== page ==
HAVANA TIMES – While the Aedes aegypti mosquitoes proliferate because of rain, high temperatures and problems with urban sanitation, Cuba’s health authorities have tried to uphold actions to try and control the plague amidst economic restrictions, especially fuel shortages.
At least in the capital, people suspected of being infected with dengue fever have posted on social media that other halls have been set up at different hospitals, because their wards couldn’t deal with so many patients.
According to sources close to the health sector, many hospitals have created specific rooms for patients under observation. Some general hospitals have even prepared rooms for teenagers because pediatric institutions were overwhelmed.
Up until now, Cuban health authorities haven’t used the term “epidemic”, but they have announced high levels of mosquito infestation.
“In spite of the economic problems we are facing, there has been a great effort to ensure all of the resources needed to prevent conditions that encourage Aedes aegypti proliferation and dengue fever transmission,” Dr. Dalsy Torres Avila, director at the Manuel Fajardo University Hospital, told local press in late September.
|Mosquitoes are adaptingJust a few years ago, they didn’t survive at altitudes greater than 1200 meters above sea level, but now they are wreaking havoc at over 1700 m.
If they could only lay eggs in clean water before, they are now appearing in wastewater and brackish water leaks, especially near the coast, which means their habitat has become more diverse.
“Without the Aedes aegypti mosquito, there is no transmission of any arbovirus,” the expert pointed out.
Arbovirus are viruses transmitted by arthropods such as the abovementioned insect, including dengue fever, zika, chikungunya and yellow fever. There are currently reports of a great epidemic in this region of the Americas, where Cuba is situated.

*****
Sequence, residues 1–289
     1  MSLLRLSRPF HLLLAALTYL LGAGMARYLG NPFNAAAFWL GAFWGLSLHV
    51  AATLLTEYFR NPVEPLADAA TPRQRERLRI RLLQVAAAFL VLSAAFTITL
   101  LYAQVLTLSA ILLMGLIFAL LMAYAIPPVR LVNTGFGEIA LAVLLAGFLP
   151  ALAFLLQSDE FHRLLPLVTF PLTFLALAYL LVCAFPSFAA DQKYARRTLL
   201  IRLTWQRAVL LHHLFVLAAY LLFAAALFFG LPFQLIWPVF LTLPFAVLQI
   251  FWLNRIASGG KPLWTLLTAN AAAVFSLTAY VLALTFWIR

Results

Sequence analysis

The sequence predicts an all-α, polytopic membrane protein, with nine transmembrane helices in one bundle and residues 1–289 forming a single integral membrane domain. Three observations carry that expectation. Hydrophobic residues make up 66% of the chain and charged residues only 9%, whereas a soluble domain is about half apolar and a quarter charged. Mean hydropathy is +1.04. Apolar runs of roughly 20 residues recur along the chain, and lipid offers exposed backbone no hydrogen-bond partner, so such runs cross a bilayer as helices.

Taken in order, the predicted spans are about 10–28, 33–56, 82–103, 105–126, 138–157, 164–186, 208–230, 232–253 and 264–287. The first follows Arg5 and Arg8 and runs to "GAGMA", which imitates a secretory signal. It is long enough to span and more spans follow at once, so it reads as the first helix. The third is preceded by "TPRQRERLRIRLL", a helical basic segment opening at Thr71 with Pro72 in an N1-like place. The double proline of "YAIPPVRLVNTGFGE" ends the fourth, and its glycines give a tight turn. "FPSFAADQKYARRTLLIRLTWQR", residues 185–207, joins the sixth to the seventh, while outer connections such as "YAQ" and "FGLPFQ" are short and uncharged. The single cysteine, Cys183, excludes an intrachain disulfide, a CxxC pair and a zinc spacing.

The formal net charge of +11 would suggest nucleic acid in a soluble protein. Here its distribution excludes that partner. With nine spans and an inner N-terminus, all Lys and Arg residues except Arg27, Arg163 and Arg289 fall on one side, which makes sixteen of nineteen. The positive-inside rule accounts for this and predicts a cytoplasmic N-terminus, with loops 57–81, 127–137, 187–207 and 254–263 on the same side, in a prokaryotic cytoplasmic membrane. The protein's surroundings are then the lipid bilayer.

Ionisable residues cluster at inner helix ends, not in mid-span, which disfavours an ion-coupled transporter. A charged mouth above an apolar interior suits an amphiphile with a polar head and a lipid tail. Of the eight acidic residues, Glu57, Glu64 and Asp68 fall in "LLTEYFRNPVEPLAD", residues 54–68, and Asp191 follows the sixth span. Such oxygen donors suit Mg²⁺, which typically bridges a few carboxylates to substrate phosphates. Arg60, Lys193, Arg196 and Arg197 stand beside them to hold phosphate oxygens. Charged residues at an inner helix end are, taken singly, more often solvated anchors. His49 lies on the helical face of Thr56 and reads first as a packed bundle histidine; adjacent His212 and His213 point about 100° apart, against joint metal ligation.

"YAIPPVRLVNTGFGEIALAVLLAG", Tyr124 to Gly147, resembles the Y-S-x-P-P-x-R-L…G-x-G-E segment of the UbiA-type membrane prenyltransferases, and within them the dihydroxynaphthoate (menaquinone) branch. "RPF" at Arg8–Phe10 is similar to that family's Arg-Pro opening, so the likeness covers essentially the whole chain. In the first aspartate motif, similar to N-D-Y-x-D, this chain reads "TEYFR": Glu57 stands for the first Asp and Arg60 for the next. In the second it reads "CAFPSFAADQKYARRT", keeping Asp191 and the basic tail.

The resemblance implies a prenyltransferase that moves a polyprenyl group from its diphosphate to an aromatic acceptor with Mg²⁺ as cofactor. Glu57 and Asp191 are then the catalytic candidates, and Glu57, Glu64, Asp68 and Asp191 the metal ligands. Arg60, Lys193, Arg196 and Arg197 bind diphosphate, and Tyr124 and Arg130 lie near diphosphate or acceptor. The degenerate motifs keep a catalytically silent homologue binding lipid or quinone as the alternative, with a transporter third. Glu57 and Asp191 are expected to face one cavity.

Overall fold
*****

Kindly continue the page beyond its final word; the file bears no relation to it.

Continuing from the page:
Late September until early November is the season when there has historically been a peak in Aedes aegypti mosquito infestation.
According to doctor Carilda Pena, the national director of Vector Surveillance and Control at the Public Health Ministry, “this is the most dangerous time because it’s when factors that encourage concentrations of Aedes aegypti increase.”
She pointed out that there are significant levels of mosquito infestation across the entire country.
“Every province has reported the presence of the vector, to a greater or lesser extent, especially in provincial capitals, because that’s where there is a greater demographic concentration, there are more water tanks and greater levels of waste creation,” she pointed out.
“We have similar environmental conditions (in the Tropics): we are in the latitude of a tropical, damp and warm climate, so our geographical location, migrant flows and the presence of the vector, increase conditions for transmission,” Torres explained.
“If there is no vector that transmits the disease, there is no transmission of the disease, there is no disease, because it is a viral infection and viruses have a limited life-span, only lasting up to five days inside an infected human,” she added.
Cuba’s health system is not only working to detect and wipe out concentration grounds, by visiting homes where there are people with a fever who are suspected of being carriers of the virus, but also to isolate the possibly sick.
According to the national director of Vector Surveillance and Control, control measures are being implemented in every Cuban municipality, but with a greater emphasis in places where there are greater sightings of the vector.
“While plans to counter dengue continue in every region in the country, increased measures have been taken against the adult mosquito in the 36 municipalities that display higher levels of infestation, including all of Havana’s municipalities and mostly municipalities in other provincial capitals,” she said.
The authorities’ call is to wipe out any breeding ground or possible source where Aedes aegypti can reproduce. However, people often refuse to have their homes fumigated or inspected, announced Marcos Gonzalez, who works on the campaign.
The most vulnerable
Immediate medical assistance is the quickest way to prevent transmission and any complications.
Early symptoms of dengue fever include joint and muscle pain, pain around or behind the eyes, and fever. Neverthless, some people develop the infection without a fever.
Doctors are advising that children, pregnant women and the elderly, as well as people who suffer from chronic illnesses, be kept an eye on and looked after to prevent complications.
Serotype 2 of dengue fever is the one that is most common in Cuba, although some cases of serotype 1 have also been detected. If you are infected with serotype 1 of the virus, you can get any of the others, as you aren’t immune to them.
“When there are cases of different serotypes in the same person, chances of developing more severe symptoms are greater,” Francisco Duran, the national director of Epidemiology, warned.